The benefits and difficulties with barriers accompanying the digitization of design services are presented in Table 1 [16,17,18,19].
The literature on the preferences of engineering students in the field of design is interesting. Research has shown that the teamwork of these students is rated 4 on a scale of 1–5 (1 = bad, 5 = very good). Students assessed satisfaction with their projects in the same way, and aspects such as team support, adequate work time, and clarity of instructions given by instructors were highly rated [22]. The great advantage of the remote work model for private entrepreneurs, including small companies such as design offices, is that there is no need to buy real estate for offices or rent premises. This becomes very important in an era of a pandemic [23]. There is also a theory that the future of remote work has already started, and will concern future generations, the young, and those already working [23]. Remote work itself has so far been shown in the literature as contributing to greater employee satisfaction due to offering them a flexible work model, giving them trust, etc. Most empirical studies confirm this hypothesis and indicate a higher degree of effectiveness of employees working remotely. There is, however, a study that contradicts it, pointing to a slight decrease in effectiveness in relation to stationary work [23]. It should also point to research that shows certain barriers to the digitization of the design process. Despite the old age of this publication, aspects such as “information being lost” when shared by project team members still seem relevant. Another aspect is the maintenance of “double documentation”, a hybrid form of document circulation, despite digital equivalents. Such behavior can be encountered in many companies operating in the markets of different countries. This is due, among other things, to barriers caused by legal regulations [24]. The design and construction industry itself, in the cited publication, suffered at that time from a lack of coherent systems that supported the entire process, from design, to information exchange and contact with contractors, to construction, and finally, to acceptance of the finished building [24]. In the mid-1900s, research was conducted on the remote work model. The publication [25] presents a simple and still-used model of remote work, in which people who participate in the process and have access to the Internet to exchange information also have access to a user interface consisting of modules such as [25,26]:
  • Project management planning;
  • Design management;
  • Procurement;
  • Cooperation area;
  • Managing the project team.
The information exchanged by team members and contractors, as well as the management, is transferred to the database [25].

2.2. Environmental Sustainability in the Design and Construction Industry, as Well as Other Industries

Digitization of services and broadly understood digital transformation are often perceived as an effective and efficient way to achieve some of the goals of sustainable development. The transformation process has a different entry threshold for companies operating in different sectors. Depending on the sector and business profile of the companies, different sustainability goals can be achieved [27,28,29,30]. In the design and construction industry analyzed in the publications, it is hard to directly reduce the consumption of natural resources. Therefore, it is possible to influence other elements of the process by trying to compensate for the harmful activity to the environment.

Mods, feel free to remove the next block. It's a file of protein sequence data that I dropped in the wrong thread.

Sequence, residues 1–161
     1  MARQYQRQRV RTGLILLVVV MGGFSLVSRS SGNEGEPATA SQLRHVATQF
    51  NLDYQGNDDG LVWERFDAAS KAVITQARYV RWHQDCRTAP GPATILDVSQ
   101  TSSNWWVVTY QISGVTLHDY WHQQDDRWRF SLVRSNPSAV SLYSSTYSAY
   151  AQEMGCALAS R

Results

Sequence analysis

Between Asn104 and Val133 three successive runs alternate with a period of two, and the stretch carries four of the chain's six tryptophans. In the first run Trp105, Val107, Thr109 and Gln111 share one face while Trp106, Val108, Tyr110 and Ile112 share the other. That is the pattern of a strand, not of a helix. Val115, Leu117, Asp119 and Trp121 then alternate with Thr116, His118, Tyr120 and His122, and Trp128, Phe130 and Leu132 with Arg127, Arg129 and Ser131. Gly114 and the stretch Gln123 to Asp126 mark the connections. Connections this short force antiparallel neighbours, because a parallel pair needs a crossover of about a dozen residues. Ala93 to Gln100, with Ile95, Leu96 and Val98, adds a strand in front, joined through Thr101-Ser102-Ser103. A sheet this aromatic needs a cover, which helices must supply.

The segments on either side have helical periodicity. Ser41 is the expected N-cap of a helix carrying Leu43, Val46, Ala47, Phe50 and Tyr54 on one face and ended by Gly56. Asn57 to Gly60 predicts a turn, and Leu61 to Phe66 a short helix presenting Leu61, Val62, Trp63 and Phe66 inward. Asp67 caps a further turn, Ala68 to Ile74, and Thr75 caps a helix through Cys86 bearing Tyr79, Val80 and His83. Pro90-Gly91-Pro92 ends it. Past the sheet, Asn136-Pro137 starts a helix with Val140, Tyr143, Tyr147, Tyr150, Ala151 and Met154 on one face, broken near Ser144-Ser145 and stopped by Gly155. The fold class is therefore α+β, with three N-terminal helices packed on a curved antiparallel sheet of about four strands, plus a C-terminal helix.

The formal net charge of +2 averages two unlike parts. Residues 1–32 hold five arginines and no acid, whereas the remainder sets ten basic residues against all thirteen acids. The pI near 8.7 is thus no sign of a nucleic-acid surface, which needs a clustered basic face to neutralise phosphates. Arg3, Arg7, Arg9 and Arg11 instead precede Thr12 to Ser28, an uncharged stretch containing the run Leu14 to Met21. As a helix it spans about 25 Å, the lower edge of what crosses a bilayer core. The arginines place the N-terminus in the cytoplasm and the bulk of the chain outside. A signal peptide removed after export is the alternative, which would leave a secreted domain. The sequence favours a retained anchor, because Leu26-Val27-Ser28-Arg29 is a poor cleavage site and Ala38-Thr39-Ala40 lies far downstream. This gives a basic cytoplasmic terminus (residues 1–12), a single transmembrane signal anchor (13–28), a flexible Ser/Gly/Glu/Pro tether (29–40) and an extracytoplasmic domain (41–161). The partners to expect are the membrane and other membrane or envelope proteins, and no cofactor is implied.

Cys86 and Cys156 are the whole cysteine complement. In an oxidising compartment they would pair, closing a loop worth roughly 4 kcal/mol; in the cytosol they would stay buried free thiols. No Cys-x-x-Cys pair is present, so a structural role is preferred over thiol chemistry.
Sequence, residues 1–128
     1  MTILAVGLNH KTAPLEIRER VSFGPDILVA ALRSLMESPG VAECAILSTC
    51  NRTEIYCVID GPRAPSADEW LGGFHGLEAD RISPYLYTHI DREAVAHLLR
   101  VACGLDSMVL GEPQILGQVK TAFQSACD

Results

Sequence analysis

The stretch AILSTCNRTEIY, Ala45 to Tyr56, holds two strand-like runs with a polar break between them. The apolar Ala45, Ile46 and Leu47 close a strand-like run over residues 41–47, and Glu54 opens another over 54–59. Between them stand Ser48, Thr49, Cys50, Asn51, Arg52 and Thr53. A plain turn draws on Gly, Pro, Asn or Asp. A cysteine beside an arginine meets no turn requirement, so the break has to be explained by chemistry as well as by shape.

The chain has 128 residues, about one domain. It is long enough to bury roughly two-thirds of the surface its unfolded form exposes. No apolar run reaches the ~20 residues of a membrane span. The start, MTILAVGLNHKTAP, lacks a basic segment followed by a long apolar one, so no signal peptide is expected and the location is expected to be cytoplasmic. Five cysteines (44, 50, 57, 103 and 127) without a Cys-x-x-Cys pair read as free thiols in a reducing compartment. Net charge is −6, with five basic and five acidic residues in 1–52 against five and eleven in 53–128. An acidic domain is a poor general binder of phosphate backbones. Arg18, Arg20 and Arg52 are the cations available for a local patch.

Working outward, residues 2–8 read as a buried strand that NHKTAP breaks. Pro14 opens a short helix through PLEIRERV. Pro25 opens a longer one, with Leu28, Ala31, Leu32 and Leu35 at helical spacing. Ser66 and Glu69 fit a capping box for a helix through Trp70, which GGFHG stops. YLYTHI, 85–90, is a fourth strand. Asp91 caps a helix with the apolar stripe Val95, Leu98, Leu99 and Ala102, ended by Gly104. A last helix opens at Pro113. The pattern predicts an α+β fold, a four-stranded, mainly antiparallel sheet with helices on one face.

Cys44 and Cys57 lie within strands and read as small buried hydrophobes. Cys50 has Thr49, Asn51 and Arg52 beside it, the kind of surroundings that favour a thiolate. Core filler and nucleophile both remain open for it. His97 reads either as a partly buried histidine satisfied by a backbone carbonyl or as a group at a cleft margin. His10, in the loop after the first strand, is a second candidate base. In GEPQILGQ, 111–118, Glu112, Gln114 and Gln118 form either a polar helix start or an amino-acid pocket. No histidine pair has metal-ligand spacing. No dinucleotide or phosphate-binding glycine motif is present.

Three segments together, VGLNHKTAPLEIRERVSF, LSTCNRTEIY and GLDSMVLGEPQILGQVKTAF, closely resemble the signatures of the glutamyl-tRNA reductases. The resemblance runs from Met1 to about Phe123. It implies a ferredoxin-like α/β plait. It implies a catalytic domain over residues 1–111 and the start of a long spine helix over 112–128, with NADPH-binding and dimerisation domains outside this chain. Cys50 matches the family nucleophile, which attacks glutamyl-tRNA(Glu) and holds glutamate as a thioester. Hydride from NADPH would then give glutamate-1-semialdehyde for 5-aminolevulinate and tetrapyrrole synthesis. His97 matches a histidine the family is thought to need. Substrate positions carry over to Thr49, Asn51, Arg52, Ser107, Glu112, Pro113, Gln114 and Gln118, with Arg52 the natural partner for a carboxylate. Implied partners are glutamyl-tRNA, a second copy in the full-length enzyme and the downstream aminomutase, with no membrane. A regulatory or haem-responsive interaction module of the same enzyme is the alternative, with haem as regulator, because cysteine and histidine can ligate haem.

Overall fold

Digital marketing fits in with the idea of achieving sustainable development goals, in particular in environmental aspects. Research using the example of companies operating in the tourism industry has shown that digital marketing is beneficial for sustainability. The hypothesis of the positive impact of digital marketing on the use of natural resources, including the benefits for the local population (employment and development of crafts and handicrafts), has been confirmed [31,32]. The COVID-19 pandemic has caused enormous havoc in industries and economies around the world. However, some studies show the massive use of digital resources and the digitization of services, processes, etc., have led to improvement in some environmental issues [33,34,35]. The COVID-19 pandemic, despite its negative effects, has resulted in [36]:
  • Many countries uniting in the fight against the pandemic;
  • New sustainable development plans being established that take into account threats and crises;
  • Communication and drawing solutions inspired by other countries, both in terms of combating the pandemic and in terms of sustainable development.
Other aspects in the context of sustainable development related to global impacts after almost 2 years of the pandemic consider climate change. Opportunities and threats in building and designing resilience in the context of COVID-19, as well as finding a balance between health and social, economic, and environmental aspects, should also be considered and described [37]. Digitally offering goods that were previously available in a physical manner allows us to realize numerous sustainable development plans and ambitions, as well as the overall maintenance of community functioning [38,39]. Taking into account the aspects of sustainable development in the context of the design and construction industry, the digitization of the design process, including relations and activities between members of the project team, contacts with contractors, etc., is a participation in the pursuit of environmental sustainability through: “healthy built environment through resource efficient and ecologically sound processes, preservation of ecosystems, and maintenance of natural balance between development and carrying capacity of this planet” [40].